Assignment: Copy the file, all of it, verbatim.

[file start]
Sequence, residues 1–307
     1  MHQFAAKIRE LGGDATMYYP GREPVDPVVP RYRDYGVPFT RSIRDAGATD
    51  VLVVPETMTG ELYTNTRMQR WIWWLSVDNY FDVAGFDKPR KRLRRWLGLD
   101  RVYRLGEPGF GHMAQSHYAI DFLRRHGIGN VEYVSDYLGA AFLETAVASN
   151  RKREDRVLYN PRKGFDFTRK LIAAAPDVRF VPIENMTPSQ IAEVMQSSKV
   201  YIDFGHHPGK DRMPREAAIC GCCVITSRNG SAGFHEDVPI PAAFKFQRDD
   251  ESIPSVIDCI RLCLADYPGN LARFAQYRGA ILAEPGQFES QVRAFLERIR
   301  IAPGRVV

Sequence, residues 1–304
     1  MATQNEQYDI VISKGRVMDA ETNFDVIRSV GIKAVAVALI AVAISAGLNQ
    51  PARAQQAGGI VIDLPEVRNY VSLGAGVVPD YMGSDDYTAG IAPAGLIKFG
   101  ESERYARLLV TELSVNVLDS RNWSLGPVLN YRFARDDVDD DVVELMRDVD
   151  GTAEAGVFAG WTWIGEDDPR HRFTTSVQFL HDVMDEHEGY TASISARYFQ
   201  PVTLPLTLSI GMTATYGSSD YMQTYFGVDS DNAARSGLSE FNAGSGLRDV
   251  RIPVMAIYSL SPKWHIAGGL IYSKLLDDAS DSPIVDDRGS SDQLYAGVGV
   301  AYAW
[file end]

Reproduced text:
Sequence, residues 1–307
     1  MHQFAAKIRE LGGDATMYYP GREPVDPVVP RYRDYGVPFT RSIRDAGATD
    51  VLVVPETMTG ELYTNTRMQR WIWWLSVDNY FDVAGFDKPR KRLRRWLGLD
   101  RVYRLGEPGF GHMAQSHYAI DFLRRHGIGN VEYVSDYLGA AFLETAVASN
   151  RKREDRVLYN PRKGFDFTRK LIAAAPDVRF VPIENMTPSQ IAEVMQSSKV
   201  YIDFGHHPGK DRMPREAAIC GCCVITSRNG SAGFHEDVPI PAAFKFQRDD
   251  ESIPSVIDCI RLCLADYPGN LARFAQYRGA ILAEPGQFES QVRAFLERIR
   301  IAPGRVV

Sequence, residues 1–304
     1  MATQNEQYDI VISKGRVMDA ETNFDVIRSV GIKAVAVALI AVAISAGLNQ
    51  PARAQQAGGI VIDLPEVRNY VSLGAGVVPD YMGSDDYTAG IAPAGLIKFG
   101  ESERYARLLV TELSVNVLDS RNWSLGPVLN YRFARDDVDD DVVELMRDVD
   151  GTAEAGVFAG WTWIGEDDPR HRFTTSVQFL HDVMDEHEGY TASISARYFQ
   201  PVTLPLTLSI GMTATYGSSD YMQTYFGVDS DNAARSGLSE FNAGSGLRDV
   251  RIPVMAIYSL SPKWHIAGGL IYSKLLDDAS DSPIVDDRGS SDQLYAGVGV
   301  AYAW